Mon | May 29, 2017

Interview church leaders family to confirm integrity

Published:Saturday | May 16, 2015 | 5:00 AMShelly-Ann Harris

IN RECENT times, the media have fed our collective psyche with a steady diet of reprehensible atrocities concerning our beloved little children.

Rape, murder, and arson are only some of the causes of death with which we, as a nation, have still not been able to come to grips. However, it is even more unspeakable when church leaders are among those fingered for crimes of sexual abuse of children, since we expect church leaders, (arguably more than any other leaders in society) to treat all people, especially children, with kindness, respect, and love. We expect church leaders to protect our children; to instruct them in all righteousness and goodness; to help them find their divine purpose; to teach them good values; to teach them how to love and care for their brothers and sisters; and to treat others the way they would want to be treated.

Truth be told, most of our church leaders are doing an outstanding job in this regard; going above and beyond to reach the broken and destitute. Thousands of victims of violence and poverty can thank the Church and its leadership for the selfless work being done to restore and heal the desolate. However, even one report of a child being molested by a pastor or church leader dismantles the collective trust for the Church and its great impactful work in the community.

It is against that background that the Church must institute even greater measures of accountability and integrity for leaders. This ramped up system of accountability should involve frequent systematic interviews with the family of church leaders, primarily their wife and children.

1 Timothy 3: 1-3 teaches us that, "If a man desires the office of a bishop, he desires a good work. 2 A bishop then must be blameless, the husband of one wife, vigilant, sober, of good behaviour, given to hospitality, apt to teach; 3 Not given to wine, no striker, not greedy of filthy lucre; but patient, not a brawler, not covetous. The passage goes on to outline that the leader should be, "One that rules well his own house, having his children in subjection with all gravity; 5 (For if a man knows not how to rule his own house, how shall he take care of the Church of God?) 6 Not a novice, lest being lifted up with pride he fall into the condemnation of the devil." (1Tim 3:4-6)

This is a most compelling and relevant piece of scriptural wisdom. A church leader is expected to be faithful to his wife and to be a good and effective parent. If we want to ascertain the integrity and readiness of such leaders for ministry in the Church, what better way to assess their character than to have a frank, safe discussion with their wives and children? If the wife and children can speak positively of the church leader then that is a reasonable indication that he may be a good suitable leader. After all, while men will put on a 'performance' or a public mask at their places of work, with their friends and even in the church, their real unvarnished characters are revealed at home.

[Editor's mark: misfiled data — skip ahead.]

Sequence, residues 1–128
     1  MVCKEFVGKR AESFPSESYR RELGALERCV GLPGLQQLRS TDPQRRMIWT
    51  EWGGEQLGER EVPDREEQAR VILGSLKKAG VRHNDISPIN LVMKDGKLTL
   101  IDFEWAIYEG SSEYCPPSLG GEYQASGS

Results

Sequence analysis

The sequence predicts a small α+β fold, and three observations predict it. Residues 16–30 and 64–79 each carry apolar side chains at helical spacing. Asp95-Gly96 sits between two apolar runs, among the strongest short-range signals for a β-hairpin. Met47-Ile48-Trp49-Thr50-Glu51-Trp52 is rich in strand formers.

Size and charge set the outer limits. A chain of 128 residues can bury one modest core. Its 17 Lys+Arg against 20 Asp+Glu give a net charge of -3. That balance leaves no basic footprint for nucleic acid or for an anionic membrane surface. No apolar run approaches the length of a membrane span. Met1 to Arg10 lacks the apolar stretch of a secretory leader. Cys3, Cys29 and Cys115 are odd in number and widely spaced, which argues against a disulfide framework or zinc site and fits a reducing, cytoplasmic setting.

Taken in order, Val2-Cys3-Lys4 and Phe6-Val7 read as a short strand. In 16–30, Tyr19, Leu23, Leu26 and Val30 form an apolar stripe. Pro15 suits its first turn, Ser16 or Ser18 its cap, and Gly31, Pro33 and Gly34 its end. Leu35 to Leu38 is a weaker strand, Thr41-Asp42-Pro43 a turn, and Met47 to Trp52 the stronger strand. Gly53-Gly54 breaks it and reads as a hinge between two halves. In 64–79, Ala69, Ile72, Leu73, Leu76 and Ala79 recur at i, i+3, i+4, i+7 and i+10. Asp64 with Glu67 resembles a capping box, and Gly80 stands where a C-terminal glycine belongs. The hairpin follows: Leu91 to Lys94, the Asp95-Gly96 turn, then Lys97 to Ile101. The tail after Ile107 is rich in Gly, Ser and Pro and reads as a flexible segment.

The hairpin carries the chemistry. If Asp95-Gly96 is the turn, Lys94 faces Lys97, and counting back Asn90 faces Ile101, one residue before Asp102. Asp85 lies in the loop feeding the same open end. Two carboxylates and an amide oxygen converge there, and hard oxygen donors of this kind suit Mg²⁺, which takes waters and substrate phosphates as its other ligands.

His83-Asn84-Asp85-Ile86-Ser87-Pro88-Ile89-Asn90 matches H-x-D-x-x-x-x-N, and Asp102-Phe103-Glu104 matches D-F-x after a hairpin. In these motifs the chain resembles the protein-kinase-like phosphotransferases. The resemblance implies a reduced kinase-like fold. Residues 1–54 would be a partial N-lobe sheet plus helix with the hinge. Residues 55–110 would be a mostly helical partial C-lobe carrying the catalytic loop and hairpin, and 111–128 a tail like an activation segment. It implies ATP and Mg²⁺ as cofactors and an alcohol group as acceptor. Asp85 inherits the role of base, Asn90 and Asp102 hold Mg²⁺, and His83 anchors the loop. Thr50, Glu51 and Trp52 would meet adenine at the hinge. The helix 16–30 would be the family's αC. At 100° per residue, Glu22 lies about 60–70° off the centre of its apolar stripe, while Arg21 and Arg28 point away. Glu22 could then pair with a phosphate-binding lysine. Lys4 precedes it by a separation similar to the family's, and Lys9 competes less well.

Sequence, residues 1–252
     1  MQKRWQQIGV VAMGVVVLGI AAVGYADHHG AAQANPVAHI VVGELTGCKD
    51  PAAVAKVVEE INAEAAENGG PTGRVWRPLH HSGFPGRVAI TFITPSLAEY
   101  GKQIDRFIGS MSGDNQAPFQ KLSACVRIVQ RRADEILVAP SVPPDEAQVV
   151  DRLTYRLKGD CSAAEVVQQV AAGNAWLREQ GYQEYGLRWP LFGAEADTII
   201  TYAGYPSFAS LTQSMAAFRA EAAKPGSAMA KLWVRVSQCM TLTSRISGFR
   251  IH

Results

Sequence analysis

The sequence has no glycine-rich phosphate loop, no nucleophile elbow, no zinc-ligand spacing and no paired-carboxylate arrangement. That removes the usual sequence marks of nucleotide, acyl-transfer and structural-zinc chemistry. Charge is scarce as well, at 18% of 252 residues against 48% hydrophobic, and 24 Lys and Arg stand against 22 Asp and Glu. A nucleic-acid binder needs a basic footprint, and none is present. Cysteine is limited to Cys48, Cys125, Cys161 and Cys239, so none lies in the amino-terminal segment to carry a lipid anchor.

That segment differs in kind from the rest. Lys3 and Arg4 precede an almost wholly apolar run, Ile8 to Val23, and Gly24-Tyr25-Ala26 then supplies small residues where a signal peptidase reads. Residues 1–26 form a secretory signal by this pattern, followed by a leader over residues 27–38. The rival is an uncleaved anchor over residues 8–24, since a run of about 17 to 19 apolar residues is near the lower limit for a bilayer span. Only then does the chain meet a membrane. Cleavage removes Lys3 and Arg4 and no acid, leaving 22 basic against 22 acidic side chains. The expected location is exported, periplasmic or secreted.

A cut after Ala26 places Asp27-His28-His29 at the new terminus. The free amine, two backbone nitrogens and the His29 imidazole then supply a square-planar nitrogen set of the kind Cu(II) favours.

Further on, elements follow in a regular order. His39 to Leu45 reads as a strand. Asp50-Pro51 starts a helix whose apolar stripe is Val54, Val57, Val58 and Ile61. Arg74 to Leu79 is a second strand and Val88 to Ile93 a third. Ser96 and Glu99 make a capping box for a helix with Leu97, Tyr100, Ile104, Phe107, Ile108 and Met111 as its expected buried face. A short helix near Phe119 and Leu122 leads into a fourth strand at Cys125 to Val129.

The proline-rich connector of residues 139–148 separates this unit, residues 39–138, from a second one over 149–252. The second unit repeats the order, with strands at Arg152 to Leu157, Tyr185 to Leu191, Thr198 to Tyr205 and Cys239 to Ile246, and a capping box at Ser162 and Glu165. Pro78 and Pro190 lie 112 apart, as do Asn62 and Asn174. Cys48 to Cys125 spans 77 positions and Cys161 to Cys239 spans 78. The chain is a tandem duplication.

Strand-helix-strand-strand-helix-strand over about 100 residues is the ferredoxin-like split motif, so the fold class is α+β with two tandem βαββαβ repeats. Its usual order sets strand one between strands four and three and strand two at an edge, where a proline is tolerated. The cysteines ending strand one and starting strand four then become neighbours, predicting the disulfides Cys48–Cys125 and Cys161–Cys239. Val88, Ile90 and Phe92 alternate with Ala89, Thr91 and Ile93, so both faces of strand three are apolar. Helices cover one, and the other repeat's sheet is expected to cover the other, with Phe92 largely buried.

Here are some questions then, to ask wife and children about the church leader:

1. Does he pray with you at home regularly?

2. Do you see him praying, reading the Word of God and seeking the Lord at home?

3. Is he patient with you or does he get frustrated easily?

4. Do you think he loves God? Do you think he loves you?

5. Does he always tell the truth?

6. Does he generally keep his promises?

7. Does he apologise if he does something wrong?

8. Does he make you feel safe? How so?

Now some women and children may, in fear or to save face, lie about the character of their husband/father, but, thankfully, authentic churches of God should possess a measure of spiritual discernment in order to determine truth. Furthermore, the discussion or interview with them should only form part of a larger system of accountability to include a policy on leadership, accountability partners, an active church board, discipleship programmes, ongoing prayer and fasting and importantly, ongoing reputation checks in the church and community among other elements.

Ensuring that church leaders are living true to God's calling is part of being our brothers' keeper. Putting in systems of accountability, to include interviews with their families, is essential to protecting the flock, the community and the leaders themselves. The biggest measure of accountability, however, is the sovereignty of God and the fact that He will judge all our actions in His time. As it is pertains to the safety and protection of our children let us be mindful of Matthew 18: 6 - "But whoever causes one of these little ones who believes in me to sin, it would be better for him to have a great millstone fastened around his neck and to be drowned in the depth of the sea."

- Shelly-Ann Harris is editorial director of Family and Faith Magazine. Sendfeedback to familyandreligion@gleanerjm.com or shellyannharris@ gmail.com.